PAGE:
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Measuring dry matter in ensiled forages

Noelia Silva-del-Río Published on 28 September 2012

In a recent study conducted at three California dairies, researchers observed that most of the variation between the ration fed and the ration formulated was explained by unaccounted changes in ingredients’ dry matter (DM).

Therefore, we should routinely evaluate feedstuff’s DM, especially wet products like silages. Results from a recent feeding management survey indicate that dairy producers (52.3 percent) evaluate corn silage DM at least once a month but only 8.3 percent of dairies determined DM weekly or more often.

Most dairies (86.6 percent) delegated DM determination to an outside consultant.

The frequency of forage DM determination in California dairies may be inadequate. The University of Wisconsin recommends one, two, three, four, six or seven DM determinations per month for dairies with 50, 100, 200, 400, 800 or 1,600 cows, respectively.

When developing a sampling plan, we should also consider the weather conditions. After a rainfall event of 20 mm (0.8 of an inch), two ensiled forages with 30 percent and 50 percent of DM became wetter, 25.9 percent and 43.1 percent of DM, respectively.

In California, some dairies have reported an increase in the incidence of displaced abomasums during the rainy season. This could be explained by failing to adjust the loading sheets for wetter forages, resulting in rations short on forage fiber.

Following are descriptions of the equipment and methods that can be utilized to determine DM:

• Air-circulating oven: This is the standard method but is expensive and requires 24 to 48 hours of drying.

• Koster tester: It is an electrical device that pushes hot air through a grid in which we place the feed. It has a timer which allows the operator to perform other tasks while the feed dries. The results are available in about two hours. The equipment cost is around $340.

• Microwave: It has the advantage of being fast (20 to 30 minutes). However, it requires the presence of an operator.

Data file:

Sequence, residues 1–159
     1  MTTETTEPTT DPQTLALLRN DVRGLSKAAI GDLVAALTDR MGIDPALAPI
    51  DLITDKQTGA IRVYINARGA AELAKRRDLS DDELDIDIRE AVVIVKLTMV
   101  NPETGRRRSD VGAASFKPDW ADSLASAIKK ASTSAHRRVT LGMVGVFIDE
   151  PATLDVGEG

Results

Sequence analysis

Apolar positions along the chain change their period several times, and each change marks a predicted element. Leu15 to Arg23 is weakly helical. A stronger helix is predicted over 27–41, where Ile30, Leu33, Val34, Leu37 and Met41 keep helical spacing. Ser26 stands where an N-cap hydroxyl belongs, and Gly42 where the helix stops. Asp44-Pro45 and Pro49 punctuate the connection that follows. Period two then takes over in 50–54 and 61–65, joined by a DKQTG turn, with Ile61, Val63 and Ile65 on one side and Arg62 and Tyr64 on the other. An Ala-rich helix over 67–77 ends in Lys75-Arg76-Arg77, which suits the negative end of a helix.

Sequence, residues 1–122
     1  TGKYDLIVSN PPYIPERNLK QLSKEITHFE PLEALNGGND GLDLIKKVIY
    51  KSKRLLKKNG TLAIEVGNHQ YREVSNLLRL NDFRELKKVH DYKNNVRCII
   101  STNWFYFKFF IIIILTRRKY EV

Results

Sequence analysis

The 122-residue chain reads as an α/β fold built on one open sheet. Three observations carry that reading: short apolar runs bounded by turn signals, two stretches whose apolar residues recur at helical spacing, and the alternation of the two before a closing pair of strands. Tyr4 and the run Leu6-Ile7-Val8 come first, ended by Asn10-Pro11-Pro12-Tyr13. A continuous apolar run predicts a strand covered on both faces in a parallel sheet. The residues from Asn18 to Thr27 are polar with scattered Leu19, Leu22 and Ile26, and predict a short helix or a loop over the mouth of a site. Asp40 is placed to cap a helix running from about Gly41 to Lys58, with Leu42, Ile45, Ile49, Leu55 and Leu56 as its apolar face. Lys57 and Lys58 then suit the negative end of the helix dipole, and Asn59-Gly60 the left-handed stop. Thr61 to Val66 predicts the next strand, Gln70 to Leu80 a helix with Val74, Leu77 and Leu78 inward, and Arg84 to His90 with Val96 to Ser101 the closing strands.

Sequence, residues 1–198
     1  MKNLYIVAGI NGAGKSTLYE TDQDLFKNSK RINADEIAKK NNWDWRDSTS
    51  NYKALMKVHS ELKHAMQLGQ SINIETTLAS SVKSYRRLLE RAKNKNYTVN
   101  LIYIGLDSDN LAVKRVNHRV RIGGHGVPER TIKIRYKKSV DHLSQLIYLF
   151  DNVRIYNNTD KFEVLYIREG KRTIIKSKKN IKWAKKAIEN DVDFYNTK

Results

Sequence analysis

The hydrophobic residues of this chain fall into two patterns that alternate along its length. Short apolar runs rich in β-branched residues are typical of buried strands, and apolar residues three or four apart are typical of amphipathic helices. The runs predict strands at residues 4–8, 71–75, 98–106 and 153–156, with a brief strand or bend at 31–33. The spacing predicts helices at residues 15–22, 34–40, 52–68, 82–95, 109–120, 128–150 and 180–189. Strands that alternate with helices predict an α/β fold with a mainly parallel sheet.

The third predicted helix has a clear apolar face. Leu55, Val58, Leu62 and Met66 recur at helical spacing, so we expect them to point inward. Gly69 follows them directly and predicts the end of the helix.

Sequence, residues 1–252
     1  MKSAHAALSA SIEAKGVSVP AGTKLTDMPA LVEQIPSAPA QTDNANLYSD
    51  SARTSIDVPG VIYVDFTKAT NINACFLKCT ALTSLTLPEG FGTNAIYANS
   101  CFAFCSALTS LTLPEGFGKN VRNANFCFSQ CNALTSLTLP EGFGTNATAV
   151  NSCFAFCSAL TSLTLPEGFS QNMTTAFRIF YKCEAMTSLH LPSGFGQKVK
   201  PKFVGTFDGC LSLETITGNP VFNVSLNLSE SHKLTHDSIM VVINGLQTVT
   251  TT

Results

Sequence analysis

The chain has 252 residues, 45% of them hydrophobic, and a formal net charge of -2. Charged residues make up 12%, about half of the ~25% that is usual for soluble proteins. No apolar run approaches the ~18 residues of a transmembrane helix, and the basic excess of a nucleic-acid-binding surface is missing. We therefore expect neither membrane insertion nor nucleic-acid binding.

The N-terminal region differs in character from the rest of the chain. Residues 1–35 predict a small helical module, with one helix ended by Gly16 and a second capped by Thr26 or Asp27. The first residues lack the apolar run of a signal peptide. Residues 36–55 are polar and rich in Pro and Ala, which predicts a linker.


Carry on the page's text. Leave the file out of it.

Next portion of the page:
To prevent the sample from overheating and burning, the operator should turn the microwave on and off every three to five minutes and a glass of water must be placed inside. Never dry forages in a microwave used for human food because pathogenic microorganisms are found in silages.

• Vortex dryer: This device is fast, easy to use and inexpensive. It is made with a hair drier attached to a vortex.

• Food dehydrator: This method is easy but requires two to eight hours.

• Near-infrared (NIR): The NIR boxes are available for use on dairies. They are quick (one to two minutes) and easy to use but very expensive.

There is one company that offers a NIR unit attached to the skid loader bucket. The NIR unit combined with feeding management software, and a mixer wagon scale, allows the feeder to receive real-time information on the correct ingredient weights that he must load.

They also offer portable NIR units. Another company markets a NIR unit that can be placed in the trunk of the chopper or on a table top.

When placed on the chopper, harvesters can use the real-time DM information to adjust the cutting settings. When placed on a table top, the NIR unit can be used at the dairy to determine the DM of the feed.

0812fg silva-del-rio fg 1 fullIt is essential to have one of the devices mentioned above and a calibrated scale to accurately determine DM on the farm.

The mathematical calculations to determine the DM are simple, as shown in the example (see Figure 1).

Before using the new DM results to adjust the ingredient load sheets, we should consider the following:

• If the most recent results indicate that DM has changed three points or more, it is recommended to repeat the DM measurement and evaluate if the appearance of the ensiled crop matches the results.

• If the most recent results indicate that DM has changed one point or more and the same result is found consistently (± one point for three consecutive days), the ration should be adjusted.

Researchers recommend weighted averages of the three most recent DM results. So the most current DM result will be assigned a weight of 50 percent, the second-most current result of 30 percent and the third- most current 20 percent.

However, when applying the weighted average we should consider possible events (such as rain) that make it more suitable to use that day’s results rather than the weighted average.

Frequent evaluation of silage DM is critical to ensure cows are eating the balanced ration the nutritionist has formulated.  FG

References omitted due to space but are available upon request. Click here to email an editor.

—Excerpts from University of California Agriculture and Natural Resources California Dairy Newsletter, Vol. 3, No. 4

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Noelia Silva-del-Río
Dairy Adviser
University of California Cooperative Extension

 

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